Monday, September 12, 2005

Mailbag: September 12, 2005




The MFA Blog Mailbag appears every Monday of the MFA season: from late August to mid-March. If you have a question or comment for the mailbag, please send it to our email address.

The "Unreliable Narrator" doesn't list his/her real name or place of residence, so we'll assume he/she is part of the witness protection program. We won't blow your cover UN, and we like the code name. Unreliable applied to Brown, Iowa, and Columbia last year, and, I think I understood this correctly, got into Columbia. The questions posed are 1. Should Unreliable reapply to Brown, where the funding is excellent, 2. Should if he/she apply to other places, and/or 3. Should he/she petition the professors at Columbia about funding.

Let's take them in reverse order. First of all, Columbia funds only a very small handful of their students. Meanwhile, the tuition for the 70 students admitted each year is $33,000 a year. Plus the expenses of living in New York City. That adds up to over 100K for two years. While Columbia has graduated many, many outstanding writers over the years, this doesn't seem to me to be a smart monetary investment. There are many schools of equal quality that offer much better funding. Overall, it's my advice to steer away from Columbia and other MFA programs that charge such high tuition.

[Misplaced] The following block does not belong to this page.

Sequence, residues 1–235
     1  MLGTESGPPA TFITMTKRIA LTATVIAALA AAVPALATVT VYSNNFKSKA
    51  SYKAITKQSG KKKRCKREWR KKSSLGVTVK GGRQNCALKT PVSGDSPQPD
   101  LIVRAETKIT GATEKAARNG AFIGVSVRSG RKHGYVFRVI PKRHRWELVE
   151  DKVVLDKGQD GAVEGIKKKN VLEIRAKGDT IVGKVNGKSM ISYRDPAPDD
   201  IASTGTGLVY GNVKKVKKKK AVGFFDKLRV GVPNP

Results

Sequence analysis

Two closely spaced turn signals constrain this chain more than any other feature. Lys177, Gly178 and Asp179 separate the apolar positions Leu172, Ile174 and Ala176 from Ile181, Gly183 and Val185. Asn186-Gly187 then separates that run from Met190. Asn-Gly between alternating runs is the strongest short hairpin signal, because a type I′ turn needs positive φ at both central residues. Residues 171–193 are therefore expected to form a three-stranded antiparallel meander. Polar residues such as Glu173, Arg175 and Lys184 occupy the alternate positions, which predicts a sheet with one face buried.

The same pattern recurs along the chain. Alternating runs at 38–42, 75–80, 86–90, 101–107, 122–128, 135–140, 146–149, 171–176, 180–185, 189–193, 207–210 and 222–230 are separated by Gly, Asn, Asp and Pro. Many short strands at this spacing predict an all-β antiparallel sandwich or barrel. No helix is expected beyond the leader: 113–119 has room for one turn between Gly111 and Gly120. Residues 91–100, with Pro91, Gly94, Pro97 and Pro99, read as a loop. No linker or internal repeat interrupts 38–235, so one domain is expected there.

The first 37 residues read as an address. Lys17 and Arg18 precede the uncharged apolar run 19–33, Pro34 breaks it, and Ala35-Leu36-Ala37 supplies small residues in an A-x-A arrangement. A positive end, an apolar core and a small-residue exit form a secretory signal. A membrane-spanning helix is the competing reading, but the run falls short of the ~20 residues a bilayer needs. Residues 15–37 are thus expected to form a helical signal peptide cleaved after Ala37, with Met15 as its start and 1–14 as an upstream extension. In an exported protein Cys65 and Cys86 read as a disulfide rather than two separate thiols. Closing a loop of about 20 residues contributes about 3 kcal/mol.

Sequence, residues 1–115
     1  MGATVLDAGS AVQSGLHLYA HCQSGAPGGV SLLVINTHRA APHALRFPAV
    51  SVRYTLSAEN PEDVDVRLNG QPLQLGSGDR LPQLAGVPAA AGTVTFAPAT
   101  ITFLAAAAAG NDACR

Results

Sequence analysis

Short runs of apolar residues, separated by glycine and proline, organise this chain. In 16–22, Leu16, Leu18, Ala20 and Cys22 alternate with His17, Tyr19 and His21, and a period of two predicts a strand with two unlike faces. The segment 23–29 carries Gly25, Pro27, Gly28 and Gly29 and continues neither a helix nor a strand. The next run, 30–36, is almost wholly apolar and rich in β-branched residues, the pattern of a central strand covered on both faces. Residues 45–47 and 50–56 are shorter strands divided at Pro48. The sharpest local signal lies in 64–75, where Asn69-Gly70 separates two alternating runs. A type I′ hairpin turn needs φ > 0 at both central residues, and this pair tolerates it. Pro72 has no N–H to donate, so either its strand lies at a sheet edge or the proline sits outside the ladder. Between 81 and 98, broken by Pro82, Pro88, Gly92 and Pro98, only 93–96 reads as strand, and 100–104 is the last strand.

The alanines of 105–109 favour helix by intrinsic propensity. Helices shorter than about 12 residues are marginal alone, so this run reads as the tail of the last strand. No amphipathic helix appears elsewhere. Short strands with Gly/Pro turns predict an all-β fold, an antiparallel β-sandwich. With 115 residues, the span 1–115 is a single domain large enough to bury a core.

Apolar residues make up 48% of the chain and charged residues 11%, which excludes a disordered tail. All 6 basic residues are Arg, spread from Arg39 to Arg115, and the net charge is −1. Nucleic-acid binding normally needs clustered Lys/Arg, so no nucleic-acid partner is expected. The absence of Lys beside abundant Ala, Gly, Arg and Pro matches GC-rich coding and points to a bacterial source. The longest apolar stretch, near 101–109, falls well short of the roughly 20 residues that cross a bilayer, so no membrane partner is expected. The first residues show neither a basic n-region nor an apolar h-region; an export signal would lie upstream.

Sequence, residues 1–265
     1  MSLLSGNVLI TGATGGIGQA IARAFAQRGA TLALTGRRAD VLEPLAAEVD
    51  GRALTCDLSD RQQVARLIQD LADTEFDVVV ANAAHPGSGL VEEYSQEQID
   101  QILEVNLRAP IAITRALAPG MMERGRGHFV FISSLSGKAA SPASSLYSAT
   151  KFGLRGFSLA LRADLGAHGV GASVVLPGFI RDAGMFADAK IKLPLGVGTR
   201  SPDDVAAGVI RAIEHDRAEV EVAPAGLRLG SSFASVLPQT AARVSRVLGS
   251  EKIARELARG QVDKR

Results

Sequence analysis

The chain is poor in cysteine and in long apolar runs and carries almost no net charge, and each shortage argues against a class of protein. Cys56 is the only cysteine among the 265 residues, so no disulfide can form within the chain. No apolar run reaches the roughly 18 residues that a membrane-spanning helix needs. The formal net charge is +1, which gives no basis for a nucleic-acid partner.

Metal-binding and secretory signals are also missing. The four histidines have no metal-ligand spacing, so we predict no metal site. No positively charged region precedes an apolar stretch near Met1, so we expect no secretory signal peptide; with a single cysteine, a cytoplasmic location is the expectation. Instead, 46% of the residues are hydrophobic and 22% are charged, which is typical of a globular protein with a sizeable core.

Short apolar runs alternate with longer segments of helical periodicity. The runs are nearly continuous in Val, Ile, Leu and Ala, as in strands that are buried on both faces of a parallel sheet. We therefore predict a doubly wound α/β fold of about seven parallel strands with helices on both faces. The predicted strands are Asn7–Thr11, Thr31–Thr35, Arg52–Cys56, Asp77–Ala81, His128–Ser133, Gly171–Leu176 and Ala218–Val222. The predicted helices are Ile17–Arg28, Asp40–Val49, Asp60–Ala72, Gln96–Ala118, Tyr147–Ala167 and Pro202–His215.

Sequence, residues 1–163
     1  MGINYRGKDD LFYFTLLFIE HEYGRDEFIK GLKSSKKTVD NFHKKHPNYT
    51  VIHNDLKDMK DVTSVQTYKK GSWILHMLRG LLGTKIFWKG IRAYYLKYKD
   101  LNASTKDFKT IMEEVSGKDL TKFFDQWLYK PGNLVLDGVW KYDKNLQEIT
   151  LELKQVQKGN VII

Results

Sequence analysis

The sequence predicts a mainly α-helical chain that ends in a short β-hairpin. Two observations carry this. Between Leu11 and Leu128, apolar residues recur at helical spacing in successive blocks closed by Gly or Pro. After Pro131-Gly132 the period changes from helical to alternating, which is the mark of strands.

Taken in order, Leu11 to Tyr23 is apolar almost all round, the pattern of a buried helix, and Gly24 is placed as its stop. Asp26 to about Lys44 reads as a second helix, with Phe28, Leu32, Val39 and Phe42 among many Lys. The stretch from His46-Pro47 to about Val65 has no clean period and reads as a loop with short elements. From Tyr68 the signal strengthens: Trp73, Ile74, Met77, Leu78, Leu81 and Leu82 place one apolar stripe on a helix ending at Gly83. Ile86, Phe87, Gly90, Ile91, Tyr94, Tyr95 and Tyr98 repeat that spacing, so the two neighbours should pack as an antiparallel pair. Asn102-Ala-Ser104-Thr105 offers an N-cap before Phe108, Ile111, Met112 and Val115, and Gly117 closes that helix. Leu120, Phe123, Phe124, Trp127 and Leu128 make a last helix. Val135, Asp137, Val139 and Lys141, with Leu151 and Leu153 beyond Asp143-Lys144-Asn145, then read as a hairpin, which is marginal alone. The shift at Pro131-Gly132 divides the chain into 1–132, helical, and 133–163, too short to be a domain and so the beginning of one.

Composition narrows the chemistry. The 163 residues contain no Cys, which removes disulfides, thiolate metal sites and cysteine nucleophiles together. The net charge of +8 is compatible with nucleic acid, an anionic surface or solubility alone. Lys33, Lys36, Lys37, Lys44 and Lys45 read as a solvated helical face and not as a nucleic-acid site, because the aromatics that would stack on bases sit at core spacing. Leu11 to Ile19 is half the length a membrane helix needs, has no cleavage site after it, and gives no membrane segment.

I don't think that petitioning professors is going to be much help. Certainly, the program director will decide which of the handful of students receive funding, but the number is so small that I don't like your (or anyone's) chances.

Yes, I would recommend that you apply to many more schools. Three doesn't sound like enough to me. Eight is more like it. Spread your net wide and keep your options open. By all means, keep Brown on your list. They have an excellent reputation and the funding is outstanding. Do keep in mind that Brown is known for encouraging "experimental" writing. I don't know what that is specifically, but if you don't feel like your writing fits this broad category, then that might be a wasted application.

Some additional programs in the geographical locations of your previous three schools: Michigan, Indiana, Syracuse, NYU, Massachusetts, and Minnesota. Best of luck you you, Unreliable Narrator.

Next up is a returnee to the mailbag, Ryan, who is not a fan of the Bush Administration, and who is considering moving overseas. He's wondering about resources for finding international creative writing programs. Ryan, I do list these in the book. There are about 40 of them that I could find. Until the book is released in December, your best resource is a website from International GradSchools.com. It's at http://www.gradschools.com/listings/out/creative_write_out.html